The question as to why miracles do not come to pass "today" as they used to "once upon a time" is simply stupid. Miracles never "came to pass" anyway. The atmosphere of the past blights all miracle. The Bible itself explains the miracle of the Red Sea post eventum as something "natural." Every miracle can be explained after the event. Not because the miracle is not a miracle, but because explanation is explanation. Miracles always occur in the present and, at most, in the future. One can implore and experience it, and while the experience is still present, one can feel gratitude. When it no longer seems a thing of the present, all there is left to do is explain. ("A Note on a Poem by Judah ha-Levi" in Franz Rosenzweig: his life and thought, ed. Glatzer, p 289-90)But what is really important is that the Biblical authors do regard "salvation history" as relevant (and n.b., this "history" is decisively oriented towards the future in a crucial sense), and that this casts real light on the way "miracle" functions for this worldview. Miracles do not aim to change unbelievers into believers, but to make believers believe differently. This is my own, stronger, re-phrasing of Chastek's point -- it isn't just, or primarily, or perhaps at all about the content of the belief, but about what we might call the mode of belief. Not, we may say, the meme, but the meta-meme.
In the comments to the post, a reader asked: well, what about the miracles of the Saints? To this Chastek replied, completely consistently I think: the saints' miracles are a function of the liturgy (I would have said, of the Eucharist) -- and so are an extension of the principle that miracles are "addressed to" believers.
"No, no," I hear someone object -- "the point isn't whether miracles "mean" such and such; the question is whether they happen at all. For if they don't happen, then they can't very well "mean" anything, can they?" But this is to miss the point. In fact, and much to some of his admirers' dismay, Meillassoux has (without quite using the terminology) re-opened the issue of the plausibility, or at least possibility, of "miracles" in a certain sense -- not, to be sure, as "exceptions" to a law of nature, but simply as momentary changes in such a law. To say this is certainly to interpret Meillassoux against his own intent, but the point here is not whether I'm reading him correctly; it is that a consistent materialist and non-providential account of "miracles" as "events our current laws of nature do not permit" is certainly possible. For Rosenzweig, the miracle always functions within the context of an understanding of Providence; what Meillassoux offers is an account of "miracle" (of a sort) in the radical absence of providence. Doubtless, this account has a formal ingeniousness to it which makes it an object of interest, if not indeed a kind of perverse fascination. Probably, in fact, many such accounts could be possible, so far as this formal interest is concerned. But so what? What this shows is that the notion of "whether miracles happen" (or can happen) in that sense is not the question. We could even stipulate that they can and do; alternatively, we can prescind entirely from the question of "whether miracles happen" in the sense of the big Cecil B. DeMille special effects, because the question of "whether they happen" is playing a different role for the non-believer than it plays for the believer. The non-believer who asks this way is trying to say, if there "are no miracles," then such-and-such follows -- which implies (disingenuously, though they may not be aware of this disingenuousness), that if "there are miracles," something else follows. I.e.: a miracle "now" -- a real, bona-fide, nope-we-can't-deny-it-and-we-can't-explain-it miracle -- would prove something; and so, by implication, the absence of a miracle proves something else -- something opposite. What the Biblical account of miracle implies (according to the reading I am offering of Rosenzweig, Chastek, and to some degree Pascal) is that no such thing follows. The calculus does not play out that way. That is not how the grammar of "miracle" in the Bible works; it isn't meant to offer that sort of "proof" at all.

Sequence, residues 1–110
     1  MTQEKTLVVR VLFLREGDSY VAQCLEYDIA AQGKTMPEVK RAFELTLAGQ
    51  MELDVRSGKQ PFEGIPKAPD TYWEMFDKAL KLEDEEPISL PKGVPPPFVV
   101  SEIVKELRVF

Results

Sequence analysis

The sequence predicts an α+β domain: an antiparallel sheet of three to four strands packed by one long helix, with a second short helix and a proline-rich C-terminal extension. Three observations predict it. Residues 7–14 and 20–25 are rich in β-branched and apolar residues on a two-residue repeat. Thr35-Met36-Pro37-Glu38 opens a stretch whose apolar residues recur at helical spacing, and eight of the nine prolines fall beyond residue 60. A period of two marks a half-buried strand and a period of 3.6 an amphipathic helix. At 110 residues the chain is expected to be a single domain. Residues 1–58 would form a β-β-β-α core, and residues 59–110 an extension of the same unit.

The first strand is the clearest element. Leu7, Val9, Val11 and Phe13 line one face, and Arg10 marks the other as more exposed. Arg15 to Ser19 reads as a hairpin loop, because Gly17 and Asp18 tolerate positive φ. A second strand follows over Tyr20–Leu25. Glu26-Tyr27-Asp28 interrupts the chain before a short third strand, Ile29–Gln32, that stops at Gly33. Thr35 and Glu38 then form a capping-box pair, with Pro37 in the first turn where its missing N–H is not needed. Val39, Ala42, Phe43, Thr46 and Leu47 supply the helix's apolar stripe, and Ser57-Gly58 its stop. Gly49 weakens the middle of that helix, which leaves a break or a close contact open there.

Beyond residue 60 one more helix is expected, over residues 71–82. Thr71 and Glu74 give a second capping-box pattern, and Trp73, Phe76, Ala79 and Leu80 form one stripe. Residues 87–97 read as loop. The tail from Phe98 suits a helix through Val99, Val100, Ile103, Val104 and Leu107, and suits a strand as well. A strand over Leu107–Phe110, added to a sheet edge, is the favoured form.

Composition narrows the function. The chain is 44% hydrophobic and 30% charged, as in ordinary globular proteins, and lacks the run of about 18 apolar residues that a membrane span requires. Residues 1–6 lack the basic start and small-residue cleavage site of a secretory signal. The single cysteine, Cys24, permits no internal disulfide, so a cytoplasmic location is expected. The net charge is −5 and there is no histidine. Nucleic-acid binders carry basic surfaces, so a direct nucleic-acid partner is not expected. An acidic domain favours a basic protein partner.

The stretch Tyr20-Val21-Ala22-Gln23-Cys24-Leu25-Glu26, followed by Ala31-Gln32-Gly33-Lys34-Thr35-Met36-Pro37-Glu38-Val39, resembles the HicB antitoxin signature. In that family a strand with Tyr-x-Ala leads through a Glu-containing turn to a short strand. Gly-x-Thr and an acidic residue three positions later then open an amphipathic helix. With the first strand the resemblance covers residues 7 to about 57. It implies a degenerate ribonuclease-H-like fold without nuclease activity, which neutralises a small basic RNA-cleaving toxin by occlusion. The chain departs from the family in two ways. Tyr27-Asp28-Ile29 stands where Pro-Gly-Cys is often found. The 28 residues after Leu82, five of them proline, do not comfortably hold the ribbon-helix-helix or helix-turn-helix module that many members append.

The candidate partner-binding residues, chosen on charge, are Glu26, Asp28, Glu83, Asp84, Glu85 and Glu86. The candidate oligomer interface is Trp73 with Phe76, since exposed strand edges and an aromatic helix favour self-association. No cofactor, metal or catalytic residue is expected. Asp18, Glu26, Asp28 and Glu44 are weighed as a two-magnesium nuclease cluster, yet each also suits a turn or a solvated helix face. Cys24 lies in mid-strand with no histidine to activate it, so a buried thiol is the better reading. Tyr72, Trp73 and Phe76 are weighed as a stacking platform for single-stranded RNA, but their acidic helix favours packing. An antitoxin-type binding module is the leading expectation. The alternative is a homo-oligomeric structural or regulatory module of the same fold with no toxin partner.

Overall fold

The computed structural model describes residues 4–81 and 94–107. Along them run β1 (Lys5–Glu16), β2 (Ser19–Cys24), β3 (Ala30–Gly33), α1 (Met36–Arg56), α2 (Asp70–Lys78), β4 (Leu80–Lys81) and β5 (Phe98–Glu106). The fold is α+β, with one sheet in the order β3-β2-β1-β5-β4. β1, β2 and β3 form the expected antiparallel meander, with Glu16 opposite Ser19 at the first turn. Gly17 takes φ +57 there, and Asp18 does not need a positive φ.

If they hear not Moses and the prophets, neither will they be persuaded, though one rose from the dead.But if that grammar refers us to the question of believers and non-believers (a tendentious terminology that has bequeathed us an ambiguous heritage), then the real issue raised here is not the meaning of miracle at all, but the meaning of -- belief itself. It seems to me that the question of how this term functions for the Biblical writers is one of the most difficult and pressing of all.
*It is perhaps worth mentioning that the miracle of the oil lasting eight days does not figure in the narrative of I or II Maccabees. It is referred to only in the Talmud.